An Ode To The Lonely And Misunderstood Souls
There have been games in the past that tackled sensitive topics that are difficult to express directly. Bouts of depression, insecurities, and self-worth are all experiences that people go through. Everyone fights their inner demons in long grueling battles that they don't express toward others. It's difficult to express such delicate instances while maintaining a player's interest. This is what Crystar attempts, as it's not your average "Anime Action JRPG." There are no "Genki girls," no bouts of triumph, and everything begins from the protagonist's failures. This was a heavy title that pulled no punches, which caught me by surprise.
Crystar begins with the player in the form of a butterfly. They aren't alone as there are other butterflies surrounding the player and talking with them will start a dialogue about what bought them here, to begin with. These range from acts of regret to other aspects of misery, yet of the butterflies, there's a red one. This red one reveals itself to be the younger sister of the protagonist, who upon realizing this, both transform into "human forms."
Crystar Looks To The Past And The Future
The protagonist, Rei, is a high school student who had spent most of her life fighting insecurities. She was always a shut-in, home-schooled until high school, and lived a very jaded life. The only form of solace Rei has is her little sister Mirai. Mirai plays the role of the "younger sibling who cares for the older sibling" archetype, cooking for her and making sure she's okay. While it's not explained why or how they became butterflies, it's obvious that there's someone pulling strings.
Eventually, Rei comes across a woman clad in black named Anamnesis who threatens her life of Mirai. Having recently gained newfound power, she fights the woman in a fit of rage. When Anamnesis disappears and Mirai tries to calm Rei down, Rei (by the player's own accord) attacks Mirai, apparently killing her. Cursing herself for not controlling her own power much less her anger and breakdown, Rei is completely distraught. It is here that she forms a contract with two untrustworthy demons in that she must collect seven pieces of "Idea," in exchange for her sister's well-being. The next day, she wakes up and it is here that Crystar begins.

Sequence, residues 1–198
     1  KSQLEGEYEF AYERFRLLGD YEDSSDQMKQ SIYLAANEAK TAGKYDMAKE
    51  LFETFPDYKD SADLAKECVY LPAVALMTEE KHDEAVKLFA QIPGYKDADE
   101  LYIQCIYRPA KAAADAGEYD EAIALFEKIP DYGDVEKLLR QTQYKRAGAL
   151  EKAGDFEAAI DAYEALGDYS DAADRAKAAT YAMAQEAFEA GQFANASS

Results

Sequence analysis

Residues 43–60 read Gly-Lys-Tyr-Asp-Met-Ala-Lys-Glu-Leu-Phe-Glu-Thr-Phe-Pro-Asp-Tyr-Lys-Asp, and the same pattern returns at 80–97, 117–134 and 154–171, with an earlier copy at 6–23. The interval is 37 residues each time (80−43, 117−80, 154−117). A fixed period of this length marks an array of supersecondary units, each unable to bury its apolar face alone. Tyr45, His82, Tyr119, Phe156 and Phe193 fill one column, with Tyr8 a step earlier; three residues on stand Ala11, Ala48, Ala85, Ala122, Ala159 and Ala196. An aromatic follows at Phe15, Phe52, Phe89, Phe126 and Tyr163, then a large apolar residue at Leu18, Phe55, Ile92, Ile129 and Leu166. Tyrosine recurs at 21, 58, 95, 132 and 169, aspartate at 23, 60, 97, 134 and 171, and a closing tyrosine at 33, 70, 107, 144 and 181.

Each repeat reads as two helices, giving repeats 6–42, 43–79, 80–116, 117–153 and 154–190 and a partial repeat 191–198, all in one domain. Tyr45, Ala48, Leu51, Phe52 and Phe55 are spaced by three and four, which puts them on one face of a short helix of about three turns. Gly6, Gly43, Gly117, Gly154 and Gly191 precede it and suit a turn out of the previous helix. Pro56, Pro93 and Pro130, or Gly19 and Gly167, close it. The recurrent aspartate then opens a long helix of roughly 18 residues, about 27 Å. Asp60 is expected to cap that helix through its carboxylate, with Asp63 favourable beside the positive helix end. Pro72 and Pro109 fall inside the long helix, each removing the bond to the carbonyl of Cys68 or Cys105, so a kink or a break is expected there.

Dungeon Crawling Simplicity With A Dark Twist
What I can appreciate about Crystar is its visual aesthetics, as it is not a game that's meant to be filled with optimism. While the colors aren't exactly "different shades of brown," the primary colors are muted. Crystar is almost noir-like, with Rei herself wearing simple colors in plain clothes as well as her transformed form. I mentioned earlier that everyone is dressed in gothic lolita-inspired outfits and I mean everyone. It keeps the entire "dark gothic" mode of Crystar while ironically having a light-colored theme. The Switch-exclusive features in Crystar include all of the previous DLC costumes by default, for players who wish to dress Rei a bit more decorative.